Civil Disobedience Campaigns Launch in Myanmar as Military Rule Grows

The National League for Democracy (NLD) party in Myanmar, as well as activists and medical workers, have begun civil disobedience campaigns to protest the military takeover and the arrest of leader Aung San Suu Kyi.

In a statement posted on Facebook, NLD member May Win Myint said that the executive committee of the party urged the military to acknowledge the results of the elections held last Nov. 8, to which the military has been alleging electoral fraud, leading to the coup last Feb. 1.

The statement also called for the immediate release of party leader Aung San Suu Kyi who the military detained last Feb. 1, along with other top government officials.

Medical workers from dozens of hospitals have planned to go on strike starting on Feb. 3 to protest against the military, who previously ruled the Southeast Asian country for nearly five decades — from 1962 to 2011.

BBC News reported that one doctor has resigned in protest.

“I resigned because I couldn’t work under a military dictator who did not care about the country and the people. This is the best response I can give to them,” Dr. Naing Htoo Aung told BBC News.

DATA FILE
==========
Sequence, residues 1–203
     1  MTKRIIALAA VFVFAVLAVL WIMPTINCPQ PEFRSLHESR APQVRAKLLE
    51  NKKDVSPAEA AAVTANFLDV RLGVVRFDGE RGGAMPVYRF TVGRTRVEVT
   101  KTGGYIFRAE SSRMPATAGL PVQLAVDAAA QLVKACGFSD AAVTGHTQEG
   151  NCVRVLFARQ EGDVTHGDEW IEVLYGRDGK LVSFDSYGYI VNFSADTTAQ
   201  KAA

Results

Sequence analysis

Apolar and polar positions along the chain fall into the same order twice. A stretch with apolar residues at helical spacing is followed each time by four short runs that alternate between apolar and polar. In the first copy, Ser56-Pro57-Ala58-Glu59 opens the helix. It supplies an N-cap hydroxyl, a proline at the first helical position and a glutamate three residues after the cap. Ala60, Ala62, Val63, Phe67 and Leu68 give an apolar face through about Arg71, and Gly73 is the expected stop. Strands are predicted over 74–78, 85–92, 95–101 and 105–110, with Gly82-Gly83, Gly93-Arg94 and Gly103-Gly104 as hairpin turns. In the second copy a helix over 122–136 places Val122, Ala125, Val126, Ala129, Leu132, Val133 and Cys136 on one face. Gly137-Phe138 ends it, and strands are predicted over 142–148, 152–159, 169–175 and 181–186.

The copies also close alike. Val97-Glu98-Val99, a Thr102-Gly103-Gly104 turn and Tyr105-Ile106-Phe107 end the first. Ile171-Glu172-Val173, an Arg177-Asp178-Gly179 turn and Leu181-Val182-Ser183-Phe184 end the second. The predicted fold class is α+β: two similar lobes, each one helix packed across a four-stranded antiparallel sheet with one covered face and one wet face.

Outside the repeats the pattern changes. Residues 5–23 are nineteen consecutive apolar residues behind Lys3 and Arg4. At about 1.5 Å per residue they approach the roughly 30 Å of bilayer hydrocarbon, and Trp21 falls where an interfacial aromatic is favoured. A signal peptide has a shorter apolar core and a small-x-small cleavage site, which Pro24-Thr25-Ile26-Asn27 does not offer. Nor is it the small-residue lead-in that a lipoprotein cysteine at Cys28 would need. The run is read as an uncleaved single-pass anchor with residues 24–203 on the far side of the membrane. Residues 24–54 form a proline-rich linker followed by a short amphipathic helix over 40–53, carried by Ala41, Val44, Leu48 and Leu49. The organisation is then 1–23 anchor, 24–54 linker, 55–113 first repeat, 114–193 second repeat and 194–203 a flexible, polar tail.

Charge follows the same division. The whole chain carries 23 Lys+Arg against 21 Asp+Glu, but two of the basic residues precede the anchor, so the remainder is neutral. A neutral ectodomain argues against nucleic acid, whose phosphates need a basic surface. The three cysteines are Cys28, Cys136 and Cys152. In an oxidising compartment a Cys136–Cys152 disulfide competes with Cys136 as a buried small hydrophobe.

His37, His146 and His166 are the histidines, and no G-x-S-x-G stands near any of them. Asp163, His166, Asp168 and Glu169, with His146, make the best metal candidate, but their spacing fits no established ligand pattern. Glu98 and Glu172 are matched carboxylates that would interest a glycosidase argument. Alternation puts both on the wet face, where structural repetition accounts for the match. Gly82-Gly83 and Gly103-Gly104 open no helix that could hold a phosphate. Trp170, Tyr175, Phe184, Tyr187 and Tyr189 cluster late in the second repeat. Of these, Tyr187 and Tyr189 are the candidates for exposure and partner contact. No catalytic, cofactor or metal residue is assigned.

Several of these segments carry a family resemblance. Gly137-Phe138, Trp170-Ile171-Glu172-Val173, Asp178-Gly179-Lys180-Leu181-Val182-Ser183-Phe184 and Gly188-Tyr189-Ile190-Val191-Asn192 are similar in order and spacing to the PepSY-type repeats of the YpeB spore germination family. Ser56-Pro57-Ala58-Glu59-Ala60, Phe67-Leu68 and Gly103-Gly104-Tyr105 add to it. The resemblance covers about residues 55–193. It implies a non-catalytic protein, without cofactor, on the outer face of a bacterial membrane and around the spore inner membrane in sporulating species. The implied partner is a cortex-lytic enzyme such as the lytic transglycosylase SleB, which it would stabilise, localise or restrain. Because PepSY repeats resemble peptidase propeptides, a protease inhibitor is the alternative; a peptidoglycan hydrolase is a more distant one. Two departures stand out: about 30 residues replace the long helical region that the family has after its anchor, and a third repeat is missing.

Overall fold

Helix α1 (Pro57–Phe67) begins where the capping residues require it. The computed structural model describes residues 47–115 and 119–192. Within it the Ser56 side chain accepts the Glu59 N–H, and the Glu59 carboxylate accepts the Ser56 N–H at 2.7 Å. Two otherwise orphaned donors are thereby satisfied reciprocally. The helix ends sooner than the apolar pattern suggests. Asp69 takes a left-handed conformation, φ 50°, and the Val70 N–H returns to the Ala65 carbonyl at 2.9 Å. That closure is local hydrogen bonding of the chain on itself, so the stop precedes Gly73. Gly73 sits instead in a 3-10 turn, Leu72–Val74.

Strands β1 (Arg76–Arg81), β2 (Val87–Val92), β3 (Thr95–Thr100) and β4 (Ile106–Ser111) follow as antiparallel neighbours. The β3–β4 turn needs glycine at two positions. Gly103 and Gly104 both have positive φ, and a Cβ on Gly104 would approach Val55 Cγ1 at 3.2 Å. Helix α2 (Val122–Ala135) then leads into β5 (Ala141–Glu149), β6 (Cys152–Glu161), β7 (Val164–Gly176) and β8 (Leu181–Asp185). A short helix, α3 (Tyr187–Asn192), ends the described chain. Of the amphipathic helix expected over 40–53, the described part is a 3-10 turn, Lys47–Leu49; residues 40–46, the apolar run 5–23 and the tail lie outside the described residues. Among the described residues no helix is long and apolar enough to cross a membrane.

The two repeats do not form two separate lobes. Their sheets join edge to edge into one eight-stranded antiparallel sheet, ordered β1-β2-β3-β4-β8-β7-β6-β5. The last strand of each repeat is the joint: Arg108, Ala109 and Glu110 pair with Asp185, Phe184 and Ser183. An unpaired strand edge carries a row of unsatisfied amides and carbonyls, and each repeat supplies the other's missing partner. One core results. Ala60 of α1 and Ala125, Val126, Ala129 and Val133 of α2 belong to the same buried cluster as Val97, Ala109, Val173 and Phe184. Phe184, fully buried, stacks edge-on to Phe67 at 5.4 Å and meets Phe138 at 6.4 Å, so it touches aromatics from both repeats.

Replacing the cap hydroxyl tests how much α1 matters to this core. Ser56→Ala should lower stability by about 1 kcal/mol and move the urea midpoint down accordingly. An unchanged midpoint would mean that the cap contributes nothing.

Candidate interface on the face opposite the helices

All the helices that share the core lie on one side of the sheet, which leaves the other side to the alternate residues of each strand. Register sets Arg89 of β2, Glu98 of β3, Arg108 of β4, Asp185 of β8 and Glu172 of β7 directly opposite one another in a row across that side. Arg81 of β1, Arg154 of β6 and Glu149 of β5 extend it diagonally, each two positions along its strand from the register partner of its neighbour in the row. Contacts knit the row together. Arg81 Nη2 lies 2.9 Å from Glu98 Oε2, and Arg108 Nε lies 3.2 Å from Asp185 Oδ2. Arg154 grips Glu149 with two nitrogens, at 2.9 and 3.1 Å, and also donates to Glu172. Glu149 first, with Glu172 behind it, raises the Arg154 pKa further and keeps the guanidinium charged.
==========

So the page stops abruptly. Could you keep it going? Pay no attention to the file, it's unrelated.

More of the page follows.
“Such coups cannot be tolerated at all,” the doctor also said.

Meanwhile, some health workers wear black ribbons in silent protest.

In the city of Yangon, residents made noise by banging metal pots and pans and honking car horns as a symbolic protest against the military on the evening of Feb. 2.

Youth and student groups, including the Yangon Youth Network, also started civil disobedience campaigns.

The military handed power to Senior General Min Aung Hlaing, the armed forces commander-in-chief, who said during the first meeting of his cabinet on Feb. 2 that the military takeover was “inevitable.”


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